Becker: The challenges of the novel BrainMet tool by LA-ICP-MS imaging are the ability to study the inhomogeneous distribution of elements in biological samples (thin tissue cryosections), and to detect heteroatoms in proteins separated in gels.
First we investigated single protein spots separated in 2D gels in respect to metal and phosphorus content and combined LA-ICP-MS with high-resolution MALDI-MS for identification of metal-containing and phosphoproteins and their quantification. Metal-containing proteins were also imaged in a 2D gel after electrophoretic separation of proteins (sodium dodecyl sulfate [SDS] or Blue Native polyacrylamide gel electrophoresis [PAGE]).
In the following studies we created quantitative LA-ICP-MS of detailed regionally specific element distributions in thin tissue sections of human or rodent brain at spatial resolution of 10–100 µm. For quantification of analytical data matrix, matched laboratory brain standards and solution-based calibration procedures were applied.
Prior to the establishment of the BrainMet Centre, no studies had been performed on the quantitative distribution of elements combined with the analysis of metalloproteins in biological tissue.
By high spatial resolution MSI using laser-induced ICP techniques, we are able to map essential and toxic metals (Li, Na, Mg, K, Ca, Al, Ti, Mn, Fe, Cu, Zn, Ni, Mo, Gd, and other rare earth metals, Cd, Hg, Pb, Tl, Th, U, and others), metalloids (such as As, Se, and Sb) and non-metals (C, P, S, Cl, Br, I) in soft tissue sections to study the metallo-architecture within the diseased brain sample compared to controls.
Spectroscopy: What obstacles, if any, did you have to overcome?
Becker: The general problem of ICP-MS in trace, species, and isotope analysis is possible isobaric interferences. MS measurements are based on measuring the ion currents of separated ion beams of isotopes. With the knowledge of the isotopic composition of elements (isotopic pattern) and a comparison of isotope images of an element, interferences can be identified easily. However, it is possible to separate isobaric interferences by application of sector-field ICP-MS at the required mass resolution or by using collision-cell ICP-MS.
It is important to note that the scarcity of native frozen pathological and healthy human brain tissue is actually one of the major bottlenecks concerning the studies of neurodegenerative diseases. Storage of tissue specimens in formalin solution (mostly commonly 4% buffered) implicates the cross-linkage of macromolecules and a washout of soluble species. Therefore we are investigating formalin-fixed samples (and paraffin-embedded tissue) compared to native tissue by our BrainMet tools and have found wash out of elements such as Na, K, Sr, and Ca and redistribution of Zn. Our conclusions are that for imaging studies, fresh native tissue cryosections are urgently required.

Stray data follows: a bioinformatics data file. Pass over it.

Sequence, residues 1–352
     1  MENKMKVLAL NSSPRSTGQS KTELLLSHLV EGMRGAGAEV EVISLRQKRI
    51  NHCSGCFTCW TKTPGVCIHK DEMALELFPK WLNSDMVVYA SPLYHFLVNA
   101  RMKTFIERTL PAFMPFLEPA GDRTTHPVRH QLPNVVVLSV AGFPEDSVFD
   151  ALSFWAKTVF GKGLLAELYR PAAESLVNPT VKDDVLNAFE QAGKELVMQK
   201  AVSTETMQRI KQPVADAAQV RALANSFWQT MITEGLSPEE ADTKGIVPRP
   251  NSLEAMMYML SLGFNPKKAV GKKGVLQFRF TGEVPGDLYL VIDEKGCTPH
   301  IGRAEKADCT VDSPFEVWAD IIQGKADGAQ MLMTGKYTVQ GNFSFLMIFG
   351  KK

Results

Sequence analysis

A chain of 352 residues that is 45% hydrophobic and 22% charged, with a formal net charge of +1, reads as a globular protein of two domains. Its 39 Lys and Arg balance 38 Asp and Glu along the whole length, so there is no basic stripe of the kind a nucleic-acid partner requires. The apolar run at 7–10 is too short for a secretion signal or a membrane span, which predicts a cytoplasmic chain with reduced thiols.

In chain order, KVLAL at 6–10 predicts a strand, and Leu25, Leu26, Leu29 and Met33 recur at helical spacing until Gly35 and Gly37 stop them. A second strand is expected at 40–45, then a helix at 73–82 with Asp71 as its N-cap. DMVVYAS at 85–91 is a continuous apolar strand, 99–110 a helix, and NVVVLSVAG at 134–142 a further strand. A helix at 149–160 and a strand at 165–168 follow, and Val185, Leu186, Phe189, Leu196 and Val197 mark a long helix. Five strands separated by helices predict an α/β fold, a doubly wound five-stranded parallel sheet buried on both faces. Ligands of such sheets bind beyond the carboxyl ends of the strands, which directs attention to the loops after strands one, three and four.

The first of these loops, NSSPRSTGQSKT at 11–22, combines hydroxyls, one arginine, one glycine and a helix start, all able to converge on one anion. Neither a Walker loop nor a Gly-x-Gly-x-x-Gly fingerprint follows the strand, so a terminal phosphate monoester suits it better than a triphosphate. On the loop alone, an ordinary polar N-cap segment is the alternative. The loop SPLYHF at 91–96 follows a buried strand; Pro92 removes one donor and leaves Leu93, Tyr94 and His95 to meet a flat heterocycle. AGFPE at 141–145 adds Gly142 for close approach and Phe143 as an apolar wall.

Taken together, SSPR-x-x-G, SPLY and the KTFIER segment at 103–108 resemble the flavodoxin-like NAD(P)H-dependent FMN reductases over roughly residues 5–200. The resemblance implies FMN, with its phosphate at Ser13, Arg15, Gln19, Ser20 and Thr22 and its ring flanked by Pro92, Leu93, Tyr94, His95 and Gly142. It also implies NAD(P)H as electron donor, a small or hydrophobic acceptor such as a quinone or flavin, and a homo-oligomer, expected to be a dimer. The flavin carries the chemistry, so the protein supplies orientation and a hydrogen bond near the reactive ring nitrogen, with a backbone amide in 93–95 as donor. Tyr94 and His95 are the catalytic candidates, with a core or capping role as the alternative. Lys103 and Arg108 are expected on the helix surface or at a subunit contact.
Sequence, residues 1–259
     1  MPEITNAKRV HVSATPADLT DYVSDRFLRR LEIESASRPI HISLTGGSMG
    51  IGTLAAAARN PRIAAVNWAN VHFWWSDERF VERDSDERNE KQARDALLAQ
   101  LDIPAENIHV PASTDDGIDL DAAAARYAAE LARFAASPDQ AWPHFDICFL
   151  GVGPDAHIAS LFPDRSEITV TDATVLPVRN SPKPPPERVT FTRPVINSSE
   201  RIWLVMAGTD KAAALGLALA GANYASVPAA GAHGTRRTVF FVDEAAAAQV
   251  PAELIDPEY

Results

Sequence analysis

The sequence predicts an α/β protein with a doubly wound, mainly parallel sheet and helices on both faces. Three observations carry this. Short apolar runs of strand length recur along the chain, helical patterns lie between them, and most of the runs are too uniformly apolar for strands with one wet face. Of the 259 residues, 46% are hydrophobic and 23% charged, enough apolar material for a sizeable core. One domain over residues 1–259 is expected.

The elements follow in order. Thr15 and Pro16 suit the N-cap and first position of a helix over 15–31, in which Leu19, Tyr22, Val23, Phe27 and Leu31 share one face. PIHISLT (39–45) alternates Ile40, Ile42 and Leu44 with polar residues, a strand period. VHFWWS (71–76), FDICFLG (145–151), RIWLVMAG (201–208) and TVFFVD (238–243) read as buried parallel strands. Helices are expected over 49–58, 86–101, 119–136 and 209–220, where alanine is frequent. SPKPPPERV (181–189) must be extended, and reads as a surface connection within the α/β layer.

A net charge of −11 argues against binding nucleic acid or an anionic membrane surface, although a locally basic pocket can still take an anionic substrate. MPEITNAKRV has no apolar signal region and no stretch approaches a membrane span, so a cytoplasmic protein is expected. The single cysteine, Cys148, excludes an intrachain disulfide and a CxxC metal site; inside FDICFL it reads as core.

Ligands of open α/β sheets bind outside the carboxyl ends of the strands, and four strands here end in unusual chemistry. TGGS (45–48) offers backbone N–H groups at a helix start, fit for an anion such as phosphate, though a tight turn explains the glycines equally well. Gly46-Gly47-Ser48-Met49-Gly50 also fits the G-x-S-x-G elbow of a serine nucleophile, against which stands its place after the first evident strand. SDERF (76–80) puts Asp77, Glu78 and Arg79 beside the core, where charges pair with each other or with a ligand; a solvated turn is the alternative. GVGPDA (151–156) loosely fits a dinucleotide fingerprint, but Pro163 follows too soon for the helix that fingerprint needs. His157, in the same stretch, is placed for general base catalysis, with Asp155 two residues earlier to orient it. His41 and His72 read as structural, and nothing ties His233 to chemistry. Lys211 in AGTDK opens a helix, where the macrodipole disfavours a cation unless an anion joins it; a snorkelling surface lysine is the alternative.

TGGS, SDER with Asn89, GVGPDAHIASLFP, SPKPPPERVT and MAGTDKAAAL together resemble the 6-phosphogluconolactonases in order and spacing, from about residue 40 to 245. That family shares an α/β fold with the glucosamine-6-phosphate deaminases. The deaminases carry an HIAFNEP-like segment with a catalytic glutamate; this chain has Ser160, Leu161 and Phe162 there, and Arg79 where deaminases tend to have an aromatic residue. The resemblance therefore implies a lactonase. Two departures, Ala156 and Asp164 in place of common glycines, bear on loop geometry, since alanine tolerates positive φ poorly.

Spectroscopy: What results have you seen so far?
Becker: The established MSI techniques using LA-ICP-MS with spatial resolution in the 30–60 µm range were employed to study the elemental distribution and the origin of neurodegenerative diseases such as Alzheimer’s, Parkinson’s, or Wilson’s diseased brain, epilepsy, and their effects on aging of the brain, and in brain lesions.
In addition, we are developing emerging quantitative imaging techniques of biological tissue with spatial resolution at the low-micrometer and submicrometer scale using the near field effect in laser ablation (NF-LA) and by development of online coupling of a developed laser micro dissection (LMD) system to ICP–MS.
Spectroscopy: What are your next steps in this work?
Becker: In our next steps we will focus on improvement of spatial resolution of laser-induced imaging techniques and limit of detection of elements by coupling LMD- and LA- systems with a double focusing sector field (SF) ICP–MS system. LMD-ICP-SFMS imaging will soon allow us to chemically image small tissues and cellular substructures with high spatial resolution.
In addition, other forthcoming research activities will include MALDI-MS imaging (using a high-resolution MALDI–LTQ Orbitrap MS system) of biomolecules (especially the metallo- and phosphoproteins) within the brain and the combination with LA- and LMD-ICP-MS images of diseased brain. This future BrainMet work to study neurodegenerative diseases was made possible by new instruments (MALDI–LTQ Orbitrap MS and a special LMD with a 110-µJ Nd:YAG laser for ablation of biological sample) granted from Deutsche Forschungsgemeinschaft.
I would like to acknowledge Thermo Scientific (Bremen, Germany) and Deutsche Forschungsgemeinschaft (DFG grant number BE 2649/5-1) for instrumental support of the BrainMet laboratory.